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Mayor Wheeler to propose camping ban across Portland and build mega-camps as an alternative

Mayor Ted Wheeler is set to announce a new plan to manage the city's homeless population. It includes a ban on unsanctioned camping, according to Willamette Week.

PORTLAND, Ore. — Mayor Ted Wheeler is set to propose the banning of unsanctioned camping across Portland and build large sanctioned homeless camping areas as an alternative, first reported by Willamette Week. 

The mayor wants three 500-person homeless "campuses" with each campus divided into four 125-person camps, the report states. The city would look to have these new propose sites be managed by outside contractors.

KGW reached out to city hall to confirm and got a two-sentence response from the mayor's office.

The first sentence read, "City Commissioner Dan Ryan and I want to complete our outreach to elected leaders who have key responsibilities related to the issues of affordable housing and homelessness before we finalize any proposals that will be announced next week."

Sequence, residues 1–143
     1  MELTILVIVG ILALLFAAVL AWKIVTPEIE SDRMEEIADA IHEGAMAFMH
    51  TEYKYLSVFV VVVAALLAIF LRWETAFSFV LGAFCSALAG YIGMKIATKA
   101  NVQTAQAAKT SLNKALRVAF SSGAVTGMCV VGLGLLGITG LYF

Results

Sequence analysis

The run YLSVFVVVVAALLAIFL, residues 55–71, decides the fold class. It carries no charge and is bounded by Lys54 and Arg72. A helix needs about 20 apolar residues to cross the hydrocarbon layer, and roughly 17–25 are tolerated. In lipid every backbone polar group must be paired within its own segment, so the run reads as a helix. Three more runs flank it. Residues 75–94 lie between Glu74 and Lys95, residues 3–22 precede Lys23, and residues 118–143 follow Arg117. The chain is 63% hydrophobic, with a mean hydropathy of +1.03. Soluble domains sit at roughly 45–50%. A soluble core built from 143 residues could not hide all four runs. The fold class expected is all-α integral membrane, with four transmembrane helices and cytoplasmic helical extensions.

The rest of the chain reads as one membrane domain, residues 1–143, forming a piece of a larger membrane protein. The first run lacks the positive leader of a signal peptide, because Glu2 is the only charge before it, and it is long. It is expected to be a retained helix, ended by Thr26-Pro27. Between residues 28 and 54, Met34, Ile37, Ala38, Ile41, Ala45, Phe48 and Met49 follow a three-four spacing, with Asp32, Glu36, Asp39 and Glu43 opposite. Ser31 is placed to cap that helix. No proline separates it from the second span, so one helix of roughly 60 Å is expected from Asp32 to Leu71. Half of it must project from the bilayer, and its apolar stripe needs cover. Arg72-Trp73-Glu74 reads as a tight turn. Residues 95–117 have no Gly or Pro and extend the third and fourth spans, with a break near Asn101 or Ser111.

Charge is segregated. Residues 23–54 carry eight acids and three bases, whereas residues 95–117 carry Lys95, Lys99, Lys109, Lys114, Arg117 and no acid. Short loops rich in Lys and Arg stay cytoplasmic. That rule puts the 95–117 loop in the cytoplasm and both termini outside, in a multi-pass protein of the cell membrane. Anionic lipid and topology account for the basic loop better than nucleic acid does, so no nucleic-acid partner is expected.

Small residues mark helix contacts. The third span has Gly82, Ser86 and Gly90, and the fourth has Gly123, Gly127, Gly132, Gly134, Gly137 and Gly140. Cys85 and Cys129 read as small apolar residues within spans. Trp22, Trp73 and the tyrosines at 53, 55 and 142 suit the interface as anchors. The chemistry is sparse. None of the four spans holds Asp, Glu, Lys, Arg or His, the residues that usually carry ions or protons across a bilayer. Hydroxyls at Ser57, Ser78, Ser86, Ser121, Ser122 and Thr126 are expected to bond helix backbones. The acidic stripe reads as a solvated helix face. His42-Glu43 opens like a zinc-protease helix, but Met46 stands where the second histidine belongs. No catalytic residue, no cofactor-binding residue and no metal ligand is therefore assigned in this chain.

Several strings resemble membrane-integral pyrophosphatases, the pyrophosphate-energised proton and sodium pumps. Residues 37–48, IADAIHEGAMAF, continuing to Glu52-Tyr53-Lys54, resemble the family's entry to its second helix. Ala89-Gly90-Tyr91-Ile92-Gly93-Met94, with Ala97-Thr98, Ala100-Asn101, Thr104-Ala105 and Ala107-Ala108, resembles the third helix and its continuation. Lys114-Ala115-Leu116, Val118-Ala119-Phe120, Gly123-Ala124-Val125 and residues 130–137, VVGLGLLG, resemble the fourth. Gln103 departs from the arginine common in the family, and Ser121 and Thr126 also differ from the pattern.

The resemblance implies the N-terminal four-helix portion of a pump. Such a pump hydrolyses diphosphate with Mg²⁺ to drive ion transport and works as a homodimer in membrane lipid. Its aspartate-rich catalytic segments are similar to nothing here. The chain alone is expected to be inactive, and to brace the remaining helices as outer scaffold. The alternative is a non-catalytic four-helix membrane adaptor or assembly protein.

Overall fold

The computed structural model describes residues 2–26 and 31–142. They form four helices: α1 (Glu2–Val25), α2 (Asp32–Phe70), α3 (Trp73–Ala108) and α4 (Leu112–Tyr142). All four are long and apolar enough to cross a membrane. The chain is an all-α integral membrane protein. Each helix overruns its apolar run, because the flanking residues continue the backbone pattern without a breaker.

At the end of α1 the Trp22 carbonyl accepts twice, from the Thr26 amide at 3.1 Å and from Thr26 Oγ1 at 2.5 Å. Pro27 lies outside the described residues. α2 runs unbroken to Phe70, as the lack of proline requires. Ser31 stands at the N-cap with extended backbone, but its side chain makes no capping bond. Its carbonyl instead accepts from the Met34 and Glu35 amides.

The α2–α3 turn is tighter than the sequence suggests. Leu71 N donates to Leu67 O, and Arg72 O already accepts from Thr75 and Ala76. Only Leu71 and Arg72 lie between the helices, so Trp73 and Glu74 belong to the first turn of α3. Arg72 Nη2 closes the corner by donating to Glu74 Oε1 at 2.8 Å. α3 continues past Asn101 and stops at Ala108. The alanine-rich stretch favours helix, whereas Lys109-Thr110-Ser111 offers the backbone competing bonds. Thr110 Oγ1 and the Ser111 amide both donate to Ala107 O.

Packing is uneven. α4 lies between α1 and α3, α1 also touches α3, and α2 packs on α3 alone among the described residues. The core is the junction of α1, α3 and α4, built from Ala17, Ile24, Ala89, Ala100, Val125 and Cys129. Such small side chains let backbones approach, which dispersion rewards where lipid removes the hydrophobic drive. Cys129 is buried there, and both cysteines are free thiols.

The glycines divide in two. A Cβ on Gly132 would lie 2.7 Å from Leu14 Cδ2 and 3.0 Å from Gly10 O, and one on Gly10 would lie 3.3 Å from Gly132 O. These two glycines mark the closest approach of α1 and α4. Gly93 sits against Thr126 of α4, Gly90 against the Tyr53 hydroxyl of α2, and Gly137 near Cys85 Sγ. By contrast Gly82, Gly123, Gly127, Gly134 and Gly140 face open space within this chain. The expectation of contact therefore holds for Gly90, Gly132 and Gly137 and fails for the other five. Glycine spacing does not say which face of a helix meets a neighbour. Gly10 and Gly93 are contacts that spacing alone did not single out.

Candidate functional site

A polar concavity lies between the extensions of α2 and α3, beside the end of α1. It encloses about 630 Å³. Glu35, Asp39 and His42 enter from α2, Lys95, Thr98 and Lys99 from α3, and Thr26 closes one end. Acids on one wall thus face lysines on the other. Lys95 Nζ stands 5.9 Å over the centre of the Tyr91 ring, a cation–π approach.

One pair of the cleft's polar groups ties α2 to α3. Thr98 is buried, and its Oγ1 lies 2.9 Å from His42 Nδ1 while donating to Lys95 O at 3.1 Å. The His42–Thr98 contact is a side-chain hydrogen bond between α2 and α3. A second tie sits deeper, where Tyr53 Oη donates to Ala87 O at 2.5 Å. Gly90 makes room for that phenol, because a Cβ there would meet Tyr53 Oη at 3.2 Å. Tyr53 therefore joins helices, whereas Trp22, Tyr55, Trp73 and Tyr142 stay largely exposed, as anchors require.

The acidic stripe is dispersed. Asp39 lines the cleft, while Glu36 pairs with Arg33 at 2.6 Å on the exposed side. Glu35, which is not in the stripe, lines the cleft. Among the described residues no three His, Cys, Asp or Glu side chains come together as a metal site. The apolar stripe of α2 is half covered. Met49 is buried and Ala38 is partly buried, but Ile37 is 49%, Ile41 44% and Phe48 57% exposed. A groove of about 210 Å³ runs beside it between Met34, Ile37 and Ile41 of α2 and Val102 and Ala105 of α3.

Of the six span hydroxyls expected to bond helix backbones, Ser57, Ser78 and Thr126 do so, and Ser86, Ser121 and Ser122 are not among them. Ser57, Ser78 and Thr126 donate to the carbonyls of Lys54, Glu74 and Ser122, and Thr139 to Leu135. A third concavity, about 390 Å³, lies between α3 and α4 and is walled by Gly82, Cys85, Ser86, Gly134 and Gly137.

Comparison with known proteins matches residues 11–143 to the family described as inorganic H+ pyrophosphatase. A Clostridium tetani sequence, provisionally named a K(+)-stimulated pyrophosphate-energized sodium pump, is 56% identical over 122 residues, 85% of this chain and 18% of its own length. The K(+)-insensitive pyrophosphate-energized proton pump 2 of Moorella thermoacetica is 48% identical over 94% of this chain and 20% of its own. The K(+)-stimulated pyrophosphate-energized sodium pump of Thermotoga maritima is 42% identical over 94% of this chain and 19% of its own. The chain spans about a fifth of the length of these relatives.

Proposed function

KGW visited Portland’s old town and the Street Roots office on Friday. Vendors of the homegrown paper are either homeless or have been there.

RELATED: ‘I’m not an animal’: Homeless people along NE 33rd Drive left hopeless after city clears vehicle camps

“Nobody, nobody wakes up and decides to be homeless,” said Racheal Dulaney, a Street Roots vendor and ambassador.  

Racheal Dulaney is now in a tiny home village, and one step away from permanent housing. She is not in favor of large, sanctioned camps.

“I've been through the shelter system with it being hundreds of people in that shelter and I fell through the cracks completely.”

KGW also got a response from Multnomah County leadership on Friday that included sharing a draft letter from the mayor and Commissioner Dan Ryan. The letter generally spells out this campus proposal, but it puts all the responsibility for building and operating all houseless shelters on the county, not the city.

County Chair Deborah Kafoury gave KGW a statement laying out what the county is already doing, with a final line stating:

“If the mayor's office wants to "clean up" this city and enforce time, place and manner laws, they don't have to hide behind me or anyone else. They can just do it.” 

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